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PGA Tour Champions

Stephen Ames, aided by Tim Herron's stumble, erases seven-stroke deficit and wins the Principal Charity Classic

Ed Zurga

The Principal Charity Classic seemed to shaping up as Tim Herron’s formal introduction to professional golf’s second-act tour, the PGA Tour Champions. The man known as Lumpy, for apparent reasons, began the final round with the lead, stumbled on the back nine and the victory was scooped up by Stephen Ames.

On a breezy day at the Wakonda Club in Des Moines, Iowa, Herron played the back nine in three-over 39, including bogeys at 16 and 17 and fell to a tie for third, two behind Ames.

The victory was the second of Ames’ senior career, and came more than four years after his first. He entered the final round in ninth place and trailing by seven, then finished with a five-under par 67 and a 54-hole score of 12-under par 204. Mike Weir finished second, one back.

“No, no chance at all,” Ames said when asked whether he had in mind a victory at the outset of play on Sunday. “At the beginning of the day I did have a number in mind, which is 12 [under]. That was my goal and I achieved my goal and everybody else stumbled. Today was a tough day. It blew. It was very tricky."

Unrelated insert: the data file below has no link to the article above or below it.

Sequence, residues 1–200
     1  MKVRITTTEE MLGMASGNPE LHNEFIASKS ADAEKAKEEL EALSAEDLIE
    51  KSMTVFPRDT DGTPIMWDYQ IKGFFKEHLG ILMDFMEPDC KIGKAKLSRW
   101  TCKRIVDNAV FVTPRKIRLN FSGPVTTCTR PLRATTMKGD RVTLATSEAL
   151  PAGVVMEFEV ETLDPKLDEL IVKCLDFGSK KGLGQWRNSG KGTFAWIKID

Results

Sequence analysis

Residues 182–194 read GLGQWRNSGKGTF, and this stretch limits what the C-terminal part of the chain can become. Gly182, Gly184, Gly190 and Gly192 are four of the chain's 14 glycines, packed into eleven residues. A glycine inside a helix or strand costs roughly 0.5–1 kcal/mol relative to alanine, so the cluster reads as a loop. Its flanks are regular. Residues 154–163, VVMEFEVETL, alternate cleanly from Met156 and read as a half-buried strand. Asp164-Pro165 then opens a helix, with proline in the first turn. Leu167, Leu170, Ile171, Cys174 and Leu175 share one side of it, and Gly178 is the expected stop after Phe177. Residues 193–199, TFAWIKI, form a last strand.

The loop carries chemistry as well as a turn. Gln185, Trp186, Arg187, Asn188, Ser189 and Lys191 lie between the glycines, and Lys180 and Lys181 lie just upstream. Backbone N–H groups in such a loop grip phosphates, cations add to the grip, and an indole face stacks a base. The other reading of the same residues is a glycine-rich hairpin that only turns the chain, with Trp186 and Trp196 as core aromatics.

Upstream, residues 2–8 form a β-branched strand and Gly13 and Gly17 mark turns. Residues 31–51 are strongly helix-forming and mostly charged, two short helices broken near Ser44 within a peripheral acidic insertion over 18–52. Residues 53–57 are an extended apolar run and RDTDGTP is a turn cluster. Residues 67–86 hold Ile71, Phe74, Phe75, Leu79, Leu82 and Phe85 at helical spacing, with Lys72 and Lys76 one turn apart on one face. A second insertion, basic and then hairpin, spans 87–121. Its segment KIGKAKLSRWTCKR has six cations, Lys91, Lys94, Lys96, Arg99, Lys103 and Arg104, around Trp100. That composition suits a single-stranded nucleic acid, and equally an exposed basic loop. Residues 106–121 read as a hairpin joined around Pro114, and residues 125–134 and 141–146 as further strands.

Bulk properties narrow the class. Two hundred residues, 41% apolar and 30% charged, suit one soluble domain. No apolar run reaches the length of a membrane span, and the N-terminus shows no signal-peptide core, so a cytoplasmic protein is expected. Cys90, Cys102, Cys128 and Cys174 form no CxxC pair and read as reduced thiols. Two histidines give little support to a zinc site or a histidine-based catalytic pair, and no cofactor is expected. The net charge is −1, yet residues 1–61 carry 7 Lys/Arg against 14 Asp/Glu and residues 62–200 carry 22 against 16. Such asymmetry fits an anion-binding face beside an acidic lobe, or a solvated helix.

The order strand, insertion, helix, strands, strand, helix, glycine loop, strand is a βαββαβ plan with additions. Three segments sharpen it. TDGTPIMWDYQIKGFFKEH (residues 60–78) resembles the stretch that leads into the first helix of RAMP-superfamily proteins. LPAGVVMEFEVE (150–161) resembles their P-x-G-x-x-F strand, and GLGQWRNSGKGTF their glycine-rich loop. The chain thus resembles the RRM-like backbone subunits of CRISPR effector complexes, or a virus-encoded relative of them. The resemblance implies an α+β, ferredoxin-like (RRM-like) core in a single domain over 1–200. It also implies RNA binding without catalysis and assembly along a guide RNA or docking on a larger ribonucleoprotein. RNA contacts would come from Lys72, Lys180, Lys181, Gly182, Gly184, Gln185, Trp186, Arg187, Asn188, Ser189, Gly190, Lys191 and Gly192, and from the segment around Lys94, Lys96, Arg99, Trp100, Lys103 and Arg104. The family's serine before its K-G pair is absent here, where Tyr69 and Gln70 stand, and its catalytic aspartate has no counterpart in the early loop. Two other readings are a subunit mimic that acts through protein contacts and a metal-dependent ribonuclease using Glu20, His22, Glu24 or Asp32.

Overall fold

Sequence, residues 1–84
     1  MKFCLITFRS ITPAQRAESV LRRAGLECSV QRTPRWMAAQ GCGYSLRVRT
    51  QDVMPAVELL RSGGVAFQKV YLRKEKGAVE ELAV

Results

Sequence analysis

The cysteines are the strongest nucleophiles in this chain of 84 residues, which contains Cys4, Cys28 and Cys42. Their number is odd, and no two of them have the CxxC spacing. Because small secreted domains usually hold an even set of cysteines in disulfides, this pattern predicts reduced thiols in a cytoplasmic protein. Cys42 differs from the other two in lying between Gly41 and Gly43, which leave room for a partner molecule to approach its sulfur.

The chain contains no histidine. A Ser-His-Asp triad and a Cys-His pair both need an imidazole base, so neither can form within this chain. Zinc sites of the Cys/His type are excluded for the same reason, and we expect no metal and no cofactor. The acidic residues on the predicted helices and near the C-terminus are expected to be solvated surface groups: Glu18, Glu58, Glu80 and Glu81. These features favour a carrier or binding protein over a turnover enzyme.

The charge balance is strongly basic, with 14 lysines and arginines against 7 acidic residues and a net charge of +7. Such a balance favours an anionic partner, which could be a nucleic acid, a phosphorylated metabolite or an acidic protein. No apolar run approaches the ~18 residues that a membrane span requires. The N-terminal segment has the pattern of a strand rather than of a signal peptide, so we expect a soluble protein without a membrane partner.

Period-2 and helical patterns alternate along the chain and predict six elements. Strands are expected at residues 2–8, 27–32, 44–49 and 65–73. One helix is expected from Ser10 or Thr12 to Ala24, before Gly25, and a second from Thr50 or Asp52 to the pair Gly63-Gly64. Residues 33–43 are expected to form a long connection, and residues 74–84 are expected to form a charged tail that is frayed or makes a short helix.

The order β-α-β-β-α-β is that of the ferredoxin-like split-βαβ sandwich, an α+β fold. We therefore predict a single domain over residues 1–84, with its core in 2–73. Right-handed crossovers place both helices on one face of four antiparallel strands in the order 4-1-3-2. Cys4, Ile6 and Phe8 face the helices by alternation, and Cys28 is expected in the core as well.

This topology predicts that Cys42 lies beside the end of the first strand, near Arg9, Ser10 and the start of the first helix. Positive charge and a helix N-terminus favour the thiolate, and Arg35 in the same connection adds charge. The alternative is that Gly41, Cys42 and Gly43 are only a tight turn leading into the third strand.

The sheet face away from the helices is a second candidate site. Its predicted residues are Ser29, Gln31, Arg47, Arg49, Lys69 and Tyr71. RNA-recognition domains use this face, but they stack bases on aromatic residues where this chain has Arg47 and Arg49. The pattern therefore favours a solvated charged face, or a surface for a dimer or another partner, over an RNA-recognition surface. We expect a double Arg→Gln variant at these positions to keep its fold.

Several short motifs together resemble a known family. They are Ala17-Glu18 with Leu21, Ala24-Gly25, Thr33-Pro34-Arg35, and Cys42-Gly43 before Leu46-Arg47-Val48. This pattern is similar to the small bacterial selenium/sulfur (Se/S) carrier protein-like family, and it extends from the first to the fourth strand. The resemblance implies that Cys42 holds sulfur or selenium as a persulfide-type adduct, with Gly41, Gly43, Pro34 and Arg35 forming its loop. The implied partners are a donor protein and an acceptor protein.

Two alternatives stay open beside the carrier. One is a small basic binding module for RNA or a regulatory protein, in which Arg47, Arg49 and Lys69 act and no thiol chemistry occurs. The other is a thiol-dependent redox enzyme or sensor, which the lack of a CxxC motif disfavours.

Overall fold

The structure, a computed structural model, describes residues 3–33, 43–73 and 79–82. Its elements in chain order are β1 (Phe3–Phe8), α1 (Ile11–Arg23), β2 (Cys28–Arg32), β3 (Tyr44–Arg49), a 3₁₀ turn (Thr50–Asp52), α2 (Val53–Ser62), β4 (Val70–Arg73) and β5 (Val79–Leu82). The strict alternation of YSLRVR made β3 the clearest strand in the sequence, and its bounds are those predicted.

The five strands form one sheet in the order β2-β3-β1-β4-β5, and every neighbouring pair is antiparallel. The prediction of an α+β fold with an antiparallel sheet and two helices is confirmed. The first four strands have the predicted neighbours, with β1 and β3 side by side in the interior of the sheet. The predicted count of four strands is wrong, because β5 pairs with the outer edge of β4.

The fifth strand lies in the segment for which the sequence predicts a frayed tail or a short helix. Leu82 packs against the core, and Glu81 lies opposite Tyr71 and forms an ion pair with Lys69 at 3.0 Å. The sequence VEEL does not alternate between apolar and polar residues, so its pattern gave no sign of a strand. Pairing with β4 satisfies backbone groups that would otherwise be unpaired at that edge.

Ames, 57, had been trending in the right direction, having finished second three weeks earlier at the Mitsubishi Electric Classic. Herron, meanwhile, was mired in mediocrity in this his rookie season on the senior tour. A four-time winner on the PGA Tour, Herron had made 19 previous senior starts without posting a top 10.

Herron’s first two rounds, 67 and 63, gave him a four-shot lead and positioned himself to win for the first time since 2006, but a final-round 76 ruined his bid.

"A little nervous, I guess," Herron said. "It's the Champions Tour. I won four times out on tour, but haven't been in that position, and hopefully I guess you learn from it even at age 51. It was a little rough. Worked on some swing changes and I think my old swing kind of came back a little bit. I was guiding it a little bit, but it was pretty windy today and just didn't get any momentum going."

An interesting aside, they both have in common memorable matches with Tiger Woods on their resumes. Herron defeated a 16-year-old Woods in the second round of match play at the 1992 U.S. Amateur at Muirfield Village. And Ames, in one of the most famous beatdowns of Tiger’s career, lost to Woods, 9 and 8, at the WGC- Accenture Match Play Championship in 2006.

Doubtful that Herron will be as bruised by this loss as Ames was by Tiger, but no doubt it will hurt nonetheless.